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could have extra time to work on my dissertation. And last, but not least, I would like to thank my husband for his constant emotional support and belief in me. He has been with me through the thick and thin of graduate school and never once complained of my emotional torment when things were not going my way. I could not have accomplished this without him. vii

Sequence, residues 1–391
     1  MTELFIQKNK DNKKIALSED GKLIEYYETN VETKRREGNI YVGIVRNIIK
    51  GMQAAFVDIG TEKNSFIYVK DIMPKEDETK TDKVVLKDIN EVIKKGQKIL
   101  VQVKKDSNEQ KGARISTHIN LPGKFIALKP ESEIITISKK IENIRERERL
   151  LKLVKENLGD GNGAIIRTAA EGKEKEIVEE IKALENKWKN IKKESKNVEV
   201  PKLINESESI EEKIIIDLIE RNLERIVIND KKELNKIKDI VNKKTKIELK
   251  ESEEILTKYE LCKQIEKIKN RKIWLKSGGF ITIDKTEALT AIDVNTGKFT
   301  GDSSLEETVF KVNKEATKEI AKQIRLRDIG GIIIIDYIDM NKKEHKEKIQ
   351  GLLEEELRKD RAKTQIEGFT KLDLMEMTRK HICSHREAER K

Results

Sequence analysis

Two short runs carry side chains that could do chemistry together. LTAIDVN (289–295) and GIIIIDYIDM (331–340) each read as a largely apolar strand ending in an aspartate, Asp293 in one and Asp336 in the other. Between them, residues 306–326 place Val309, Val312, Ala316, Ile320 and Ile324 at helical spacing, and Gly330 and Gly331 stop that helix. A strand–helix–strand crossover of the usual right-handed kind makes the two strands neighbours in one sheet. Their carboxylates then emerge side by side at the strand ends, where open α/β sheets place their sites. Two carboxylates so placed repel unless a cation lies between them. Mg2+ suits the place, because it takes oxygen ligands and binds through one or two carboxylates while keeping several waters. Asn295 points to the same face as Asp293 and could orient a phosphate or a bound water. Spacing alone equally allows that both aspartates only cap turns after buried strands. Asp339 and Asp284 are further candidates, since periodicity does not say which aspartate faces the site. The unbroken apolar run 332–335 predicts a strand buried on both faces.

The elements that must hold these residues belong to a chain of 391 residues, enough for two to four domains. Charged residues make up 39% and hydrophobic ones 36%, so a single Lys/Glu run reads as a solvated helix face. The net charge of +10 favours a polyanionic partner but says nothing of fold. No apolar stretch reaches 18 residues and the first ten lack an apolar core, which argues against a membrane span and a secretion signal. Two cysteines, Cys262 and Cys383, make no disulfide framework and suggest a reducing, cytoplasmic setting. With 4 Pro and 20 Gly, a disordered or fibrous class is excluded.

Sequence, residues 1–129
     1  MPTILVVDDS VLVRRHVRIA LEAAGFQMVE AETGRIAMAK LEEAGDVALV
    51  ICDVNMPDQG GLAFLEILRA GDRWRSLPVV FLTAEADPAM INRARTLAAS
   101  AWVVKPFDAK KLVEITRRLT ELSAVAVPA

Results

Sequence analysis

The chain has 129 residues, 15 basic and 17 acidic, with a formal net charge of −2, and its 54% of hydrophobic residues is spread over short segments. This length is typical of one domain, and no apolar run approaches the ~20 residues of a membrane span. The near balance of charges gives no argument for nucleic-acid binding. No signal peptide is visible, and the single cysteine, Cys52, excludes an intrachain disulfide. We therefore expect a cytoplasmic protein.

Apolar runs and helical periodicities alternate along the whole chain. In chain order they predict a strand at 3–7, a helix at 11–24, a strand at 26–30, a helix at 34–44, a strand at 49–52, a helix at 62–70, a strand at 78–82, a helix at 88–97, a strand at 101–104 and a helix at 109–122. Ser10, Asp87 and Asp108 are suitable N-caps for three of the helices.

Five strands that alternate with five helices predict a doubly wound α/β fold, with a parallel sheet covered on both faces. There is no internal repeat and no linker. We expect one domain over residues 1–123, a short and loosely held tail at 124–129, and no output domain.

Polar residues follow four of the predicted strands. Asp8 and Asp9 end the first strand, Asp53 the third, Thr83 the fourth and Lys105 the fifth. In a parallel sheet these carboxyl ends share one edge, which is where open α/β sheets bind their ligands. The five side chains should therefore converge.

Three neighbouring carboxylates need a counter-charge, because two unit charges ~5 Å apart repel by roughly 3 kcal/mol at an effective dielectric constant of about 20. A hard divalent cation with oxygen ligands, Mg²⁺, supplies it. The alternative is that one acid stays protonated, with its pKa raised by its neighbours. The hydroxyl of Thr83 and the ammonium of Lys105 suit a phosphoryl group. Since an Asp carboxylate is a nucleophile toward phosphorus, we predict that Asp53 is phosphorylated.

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TABLE OF CONTENTS Page ACKNOWLEDGMENTS.................................................................................................iv LIST OF TABLES............................................................................................................xii LIST OF FIGURES.........................................................................................................xiii ABBREVIATIONS.........................................................................................................xvi ABSTRACT.......................................................................................................................xx CHAPTER 1 BACKGROUND AND SIGNIFICANCE....................................................................1 Introduction...................................................................................................................1 Structure and Function of F 1 F 0 ATP Synthase.............................................................3 The Catalytic Core.................................................................................................6 The hexamer.............................................................................................8 The subunit................................................................................................12 The Rotor Stalk....................................................................................................12 The subunit................................................................................................14 The subunit................................................................................................16 The ring of c subunits...................................................................................21 The Stator Stalk...................................................................................................25 The a subunit................................................................................................27 The subunit................................................................................................33 The b subunit................................................................................................37 Subunit Equivalence...................................................................................................51 F 1 F 0 ATP Synthase Mechanism..................................................................................56 Proton Translocation: Driving Rotation..............................................................57 Coupling..............................................................................................................60 Catalysis: The Binding Change Mechanism.......................................................62 Genetic Expression and Assembly.............................................................................63 Summary.....................................................................................................................65 viii